East & South Asia : Economic Snapshot for East & South Asia
January 24, 2018
ESA economic growth maintains cruising speed in Q4
Growth momentum remained intact in the East and South Asia (ESA) region in Q4 due to strong global demand, particularly for electronic devices and semiconductors; solid capital inflows; and loose monetary policies across the region. A preliminary set of data for ESA countries showed that aggregate GDP for the region rose 6.3% annually in Q4, driving growth for 2017 to 6.3% (2016: +6.1%). Q4’s print matched the result in Q3 and was above the 6.1% forecast in last month’s report. The resilient growth figure was mainly the result of a better-than-expected performance in China, despite earlier signs signaling a moderation in momentum.
China is managing to continue its slow-but-steady transition towards an economic model based on services and consumption. Although analysts believed that the transition costs would materialize in the form of weaker growth rates, robust global external demand and resilient household spending are so far allowing the Chinese economy to keep growing at a healthy rate. GDP expanded 6.8% year-on-year in Q4, in line with Q3’s result. While the National Bureau of Statistics does not provide a breakdown of GDP by expenditure, additional data confirmed that, despite some weaknesses, private consumption remained strong in Q4. Investment activities continued to slow, partially reflecting tougher environmental regulations. Moreover, growth in services accelerated in the same period, contrasting the likely deceleration in the industrial sector.
With Q4 GDP still outstanding for the remaining countries in the region, recent economic indicators suggest that growth momentum picked up in India. Investment and external demand appear to have been the main drivers of growth in the October–December period, coupled with robust private consumption. High-frequency economic indicators suggest that growth in Korea remained resilient in Q4, albeit decelerating from Q3’s astonishing growth rate. Healthy external demand again fueled economic activity in the country.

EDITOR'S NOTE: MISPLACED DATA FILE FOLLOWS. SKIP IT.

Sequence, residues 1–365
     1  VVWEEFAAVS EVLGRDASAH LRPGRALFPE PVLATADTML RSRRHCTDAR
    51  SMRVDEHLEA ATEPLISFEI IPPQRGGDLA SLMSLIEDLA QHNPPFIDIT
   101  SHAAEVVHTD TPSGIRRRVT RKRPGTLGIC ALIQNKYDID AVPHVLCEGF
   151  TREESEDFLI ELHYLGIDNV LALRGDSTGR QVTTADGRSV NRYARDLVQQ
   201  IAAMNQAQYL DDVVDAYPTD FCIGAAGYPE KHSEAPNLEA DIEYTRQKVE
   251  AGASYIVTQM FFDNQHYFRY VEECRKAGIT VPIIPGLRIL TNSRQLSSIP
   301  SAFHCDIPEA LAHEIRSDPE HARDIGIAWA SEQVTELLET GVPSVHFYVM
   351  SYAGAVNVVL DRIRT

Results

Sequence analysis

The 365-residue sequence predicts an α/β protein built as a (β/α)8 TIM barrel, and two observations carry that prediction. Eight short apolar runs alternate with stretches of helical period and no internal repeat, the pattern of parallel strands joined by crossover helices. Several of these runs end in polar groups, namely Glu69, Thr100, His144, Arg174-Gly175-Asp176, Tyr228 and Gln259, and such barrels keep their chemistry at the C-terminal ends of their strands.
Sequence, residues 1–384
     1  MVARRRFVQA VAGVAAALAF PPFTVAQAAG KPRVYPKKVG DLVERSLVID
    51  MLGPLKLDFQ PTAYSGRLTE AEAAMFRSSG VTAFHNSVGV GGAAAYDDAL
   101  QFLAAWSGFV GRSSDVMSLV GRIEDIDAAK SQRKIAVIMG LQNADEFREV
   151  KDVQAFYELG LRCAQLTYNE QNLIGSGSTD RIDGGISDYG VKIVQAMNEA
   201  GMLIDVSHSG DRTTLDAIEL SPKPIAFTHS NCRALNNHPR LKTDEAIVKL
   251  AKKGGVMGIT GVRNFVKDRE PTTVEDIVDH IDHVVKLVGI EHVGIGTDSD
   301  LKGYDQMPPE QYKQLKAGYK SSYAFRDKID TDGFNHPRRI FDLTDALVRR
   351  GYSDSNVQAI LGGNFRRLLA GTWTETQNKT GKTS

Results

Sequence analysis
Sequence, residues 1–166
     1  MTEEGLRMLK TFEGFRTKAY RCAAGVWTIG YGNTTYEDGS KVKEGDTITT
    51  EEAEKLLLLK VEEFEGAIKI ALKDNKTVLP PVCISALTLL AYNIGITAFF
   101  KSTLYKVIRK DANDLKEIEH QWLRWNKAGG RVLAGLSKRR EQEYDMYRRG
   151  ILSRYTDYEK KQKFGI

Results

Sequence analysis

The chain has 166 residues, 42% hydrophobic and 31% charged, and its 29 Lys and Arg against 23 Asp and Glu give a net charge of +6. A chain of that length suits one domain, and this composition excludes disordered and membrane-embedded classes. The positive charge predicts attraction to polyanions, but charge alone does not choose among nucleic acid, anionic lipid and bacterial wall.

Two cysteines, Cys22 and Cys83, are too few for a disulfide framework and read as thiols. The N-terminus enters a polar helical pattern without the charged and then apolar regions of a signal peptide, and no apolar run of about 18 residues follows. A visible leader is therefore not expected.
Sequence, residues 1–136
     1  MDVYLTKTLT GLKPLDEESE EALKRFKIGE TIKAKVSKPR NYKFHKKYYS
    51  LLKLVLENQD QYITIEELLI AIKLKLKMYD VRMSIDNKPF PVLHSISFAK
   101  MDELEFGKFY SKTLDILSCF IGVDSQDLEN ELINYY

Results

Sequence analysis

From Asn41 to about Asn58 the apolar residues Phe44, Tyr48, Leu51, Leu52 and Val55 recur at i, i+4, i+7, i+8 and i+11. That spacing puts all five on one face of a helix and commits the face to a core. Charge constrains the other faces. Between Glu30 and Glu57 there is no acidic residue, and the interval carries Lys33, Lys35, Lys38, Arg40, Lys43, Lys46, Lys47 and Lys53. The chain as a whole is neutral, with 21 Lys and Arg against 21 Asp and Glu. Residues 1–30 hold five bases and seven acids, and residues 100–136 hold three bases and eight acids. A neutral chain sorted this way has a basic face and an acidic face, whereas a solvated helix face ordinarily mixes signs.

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ESA growth stretch set to continue in 2018
The ESA economy should continue to fire on all cylinders this year as the tailwinds that propelled growth in 2017 persist. The expansion in global trade seems more durable than previously expected, which bodes well for Asian factories. This will translate into stronger manufacturing activity and further gains in the labor market. Despite the ongoing tightening by the U.S. Federal Reserve, still-accommodative monetary policies by the Bank of Japan and the European Central Bank will support capital inflows into the region, keeping interest rates low.
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FocusEconomics panelists expect the ESA economy to grow 6.1% in 2018, which is up 0.1 percentage points from last month’s estimate. For 2019, analysts project regional growth will remain broadly stable at 6.0%. This month’s upgraded outlook for 2018 reflects improved growth prospects for China, Hong Kong, Korea and Mongolia. Projections were left unchanged for the economies of Bangladesh, Pakistan, Sri Lanka and Taiwan. India was the only economy to experience a downgrade this month.
The Indian economy is expected to post the strongest increase in FY 2018, with 7.3% growth. The Chinese economy is expected to grow healthily, at 6.5%. Conversely, the more mature economies of Hong Kong, Korea and Taiwan are expected to be the region’s laggards, with growth rates between 2.4–3.0%
CHINA | Strong global demand fuels growth in Q4
Despite early signs of a loss of momentum in Q4, the Chinese economy showed its strength once again and posted another solid reading for the quarter. GDP expanded 6.8% annually in Q4, matching Q3’s result and leading the economy to rise a strong 6.9% in the full year 2017. While resilient private consumption and service activities continued to drive growth in Q4, the economy greatly benefited from strong global demand. Conversely, investment growth continued to moderate in Q4 amid the government’s efforts to curb pollution and overcapacity in certain industries. Since the economy is doing well, the government will likely speed up the implementation of some of the reforms that were unveiled in the December Central Economic Work Conference. Further details will be disclosed at the March 2018 National People’s Congress.